Venus as a Transit

I managed to see the Transit of Venus yesterday. Very cool. Not every day you get to witness something not seen for 120 years.

I projected an image of the Sun onto a piece of card using my battered old 8×30 binoculars, and it worked a treat. The weather was perfect, which helped of course. I just wish I had know about that trick during the last Solar Eclipse a few years ago. Russ and I made a very Heath Robinson pinhole camera to see that event. It worked, but the image was very small and fuzzy. Yesterday I ended up with a nice clear image about the size of a £2 coin.

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New feature added to the Image Browser

I have just updated the image browser to provide a new feature for anyone thinking of commissioning me, or if you would like to comment on specific images.

If you see something in my artwork portfolio that you think matches the style or content you are interested in, just click the remember this image button. This will add the image to a list that is remembered until you close your browser. When you go to the contact page, you will see a list of the images that you have remembered, and you can choose to include these with your message. I can then see which images you have selected, which helps me to get a good idea of what you are after.

You can also use it to send me your comments about particular images. I am always happy to get feedback from visitors, and I will always try to answer any questions or respond to comments.

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New BBC Scotland site online

At the beginning of this year, I completed a large number of illustrations for a new BBC Scotland Education site that explores the landscape and features of the Scottish Highlands and Islands.

The BBC Scotland Landscapes site has now been launched, and the activities and games are great fun, so please check it out.

Congratulations to the design team who have done a great job assembling my illustrations into the animated scenes and activities that make up the site.

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What is going on in Australia

I am an unashamed fan of Aussie soap Neighbours, but I have to wonder what is going on at the moment with all the doom and gloom?

At the moment, we have Lou about to buy the farm in the Bush after losing his wife and all his money, Karl and Susuan Kennedy have split, seemingly for good this time, Evil Gus is causing problems for Max and Steph, Sky is distraught after confronting the man who killed her mother when she was a child, and Toadie seems about to come a cropper at the hands of cod Mafia boss Rocco now that he has faced up to his feelings for Sindi.

When will it all end? This is not why I watch Neighbours! I want, sun, sea, eternal optimism and impossibly perfect Australian girlies. Bring back the pool parties with Nina and Lori! Get Steph back in her leather bike gear! Get Sindi and Izzie down to the beach for a bit of bikini clad surfing! Restore my faith in the Australian Dream!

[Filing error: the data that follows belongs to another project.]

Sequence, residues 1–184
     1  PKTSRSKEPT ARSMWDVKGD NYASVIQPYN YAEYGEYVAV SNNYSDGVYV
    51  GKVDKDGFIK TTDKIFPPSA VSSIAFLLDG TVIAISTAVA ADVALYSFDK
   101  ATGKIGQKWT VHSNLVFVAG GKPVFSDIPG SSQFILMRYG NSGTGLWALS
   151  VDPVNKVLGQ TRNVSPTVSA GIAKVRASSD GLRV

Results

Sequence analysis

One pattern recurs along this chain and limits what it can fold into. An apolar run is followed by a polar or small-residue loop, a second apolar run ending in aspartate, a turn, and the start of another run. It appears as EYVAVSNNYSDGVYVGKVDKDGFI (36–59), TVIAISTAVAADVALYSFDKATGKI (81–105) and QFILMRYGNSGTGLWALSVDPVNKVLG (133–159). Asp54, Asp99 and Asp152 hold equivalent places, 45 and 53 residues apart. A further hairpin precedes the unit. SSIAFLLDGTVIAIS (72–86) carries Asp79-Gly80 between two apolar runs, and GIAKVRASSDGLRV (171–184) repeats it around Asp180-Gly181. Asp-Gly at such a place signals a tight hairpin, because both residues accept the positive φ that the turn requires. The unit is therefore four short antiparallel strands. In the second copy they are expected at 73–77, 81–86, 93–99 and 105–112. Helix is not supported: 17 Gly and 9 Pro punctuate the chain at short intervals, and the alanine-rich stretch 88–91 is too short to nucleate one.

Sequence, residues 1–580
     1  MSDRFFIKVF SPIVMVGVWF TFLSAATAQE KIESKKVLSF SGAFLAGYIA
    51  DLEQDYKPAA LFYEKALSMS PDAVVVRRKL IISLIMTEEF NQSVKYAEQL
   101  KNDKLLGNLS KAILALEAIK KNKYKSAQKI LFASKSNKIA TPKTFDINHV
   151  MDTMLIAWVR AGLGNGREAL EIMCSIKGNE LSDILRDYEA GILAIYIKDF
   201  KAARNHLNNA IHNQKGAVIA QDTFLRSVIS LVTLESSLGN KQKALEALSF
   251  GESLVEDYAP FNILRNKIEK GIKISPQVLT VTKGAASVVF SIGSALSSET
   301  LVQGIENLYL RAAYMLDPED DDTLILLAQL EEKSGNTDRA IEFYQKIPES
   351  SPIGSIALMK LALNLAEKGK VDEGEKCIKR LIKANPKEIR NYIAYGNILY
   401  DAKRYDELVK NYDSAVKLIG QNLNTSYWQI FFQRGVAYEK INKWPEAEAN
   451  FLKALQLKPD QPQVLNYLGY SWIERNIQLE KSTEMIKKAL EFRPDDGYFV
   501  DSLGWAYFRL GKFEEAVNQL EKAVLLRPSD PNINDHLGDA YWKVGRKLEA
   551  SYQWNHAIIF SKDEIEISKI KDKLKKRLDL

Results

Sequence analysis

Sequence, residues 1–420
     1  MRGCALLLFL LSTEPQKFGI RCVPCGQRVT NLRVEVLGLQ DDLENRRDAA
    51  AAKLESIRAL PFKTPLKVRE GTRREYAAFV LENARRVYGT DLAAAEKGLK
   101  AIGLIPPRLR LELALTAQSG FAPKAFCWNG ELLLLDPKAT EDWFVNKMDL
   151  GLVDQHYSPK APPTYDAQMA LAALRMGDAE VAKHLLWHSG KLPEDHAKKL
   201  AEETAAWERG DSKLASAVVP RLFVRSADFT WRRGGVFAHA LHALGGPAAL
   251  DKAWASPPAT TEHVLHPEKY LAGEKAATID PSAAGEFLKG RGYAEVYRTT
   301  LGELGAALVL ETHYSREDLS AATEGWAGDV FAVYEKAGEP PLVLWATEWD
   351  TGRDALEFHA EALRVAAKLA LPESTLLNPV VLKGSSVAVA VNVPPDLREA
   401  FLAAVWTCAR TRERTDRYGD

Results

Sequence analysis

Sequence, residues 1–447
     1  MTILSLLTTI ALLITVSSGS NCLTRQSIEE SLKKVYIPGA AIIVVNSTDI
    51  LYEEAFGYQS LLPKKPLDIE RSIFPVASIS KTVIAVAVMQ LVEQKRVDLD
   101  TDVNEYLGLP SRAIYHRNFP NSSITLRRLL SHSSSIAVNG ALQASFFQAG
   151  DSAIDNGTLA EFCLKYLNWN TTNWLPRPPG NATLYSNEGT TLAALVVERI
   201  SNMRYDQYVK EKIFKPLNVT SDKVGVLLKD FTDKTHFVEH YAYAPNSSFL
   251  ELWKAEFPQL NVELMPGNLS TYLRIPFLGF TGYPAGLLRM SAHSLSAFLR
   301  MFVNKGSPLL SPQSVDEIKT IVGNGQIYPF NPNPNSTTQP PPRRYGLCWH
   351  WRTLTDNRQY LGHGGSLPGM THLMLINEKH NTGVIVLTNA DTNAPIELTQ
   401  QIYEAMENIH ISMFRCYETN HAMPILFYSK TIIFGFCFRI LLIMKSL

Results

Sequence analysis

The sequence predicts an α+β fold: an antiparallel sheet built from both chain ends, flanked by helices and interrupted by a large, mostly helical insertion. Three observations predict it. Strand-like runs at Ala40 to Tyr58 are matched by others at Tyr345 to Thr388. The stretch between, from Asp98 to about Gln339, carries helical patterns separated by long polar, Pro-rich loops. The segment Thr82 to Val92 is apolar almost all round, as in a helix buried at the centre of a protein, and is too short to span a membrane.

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The Last Samurai

Russ bought me a copy of The Last Samurai on DVD for my birthday, and I watched it last night for the first time (it is one of many “must see” films that I didn’t see at the cinema). Russ bought me it because he knows I like “all that Japanese sword waving and stuff”.

I know at that time of its cinema release, some reviewers criticised casting Tom Cruise as Nathan Algren but I thought he, and the film as a whole, was superb. The attention to detail in the customs, costumes and locations was excellent (to my non-historians eye at least). The story is, of course, blatant in its disregard for historical fact, but to criticise it for that is to miss the point entirely.

What The Last Samurai sets out to do is to capture the mood and spirit of the age; to explore and explain the philosophy of the Samurai for a modern Western audience (no easy task). It tries to show the conflict between the historical brutality of ancient Japan, and the necessity of embracing modern technology and foreign influence that has made Japan such an economic force in the modern world, and it does this faultlessly. The bruising bokken training sequences and savage sword fights demonstrate the unequalled skill, grace and ferocity of the Samurai, but ultimately are as brutal and tragic as the horrifying scenes of carnage at the hands of the American trained soldiers armed with Gatling guns.

Tom Cruise pays the role with great physical skill and energy, and manages to hold his own against the superb Ken Watanabe as Lord Katsumoto. I am not ashamed to admit that the tragic but inevitable outcome to the final battle had my lip trembling more than a little.

It is great to see Timothy Spall in such illustrious company too. Sadly, the usually brilliant Billy Connelly’s Irish accent was crap. Sorry Billy.

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The best laid plans of mice

Yesterday (Friday) was supposed to be a special day to celebrate my birthday (a day late, but hey, no work the next day). Elaine and I planned to have a nice meal and a few drinks at a nice local pub (The Holyhead to be exact – good food, and within easy walking distance).

The first sign that things would not go as planned was when I came down to discover that I had not heard the postman ringing the doorbell, and that Elaine’s latest Amazon spending spree had not been delivered. However, Elaine usually gets back from work around 4pm, so I foolishly assumed we could pick it up from the main Post Office that afternoon.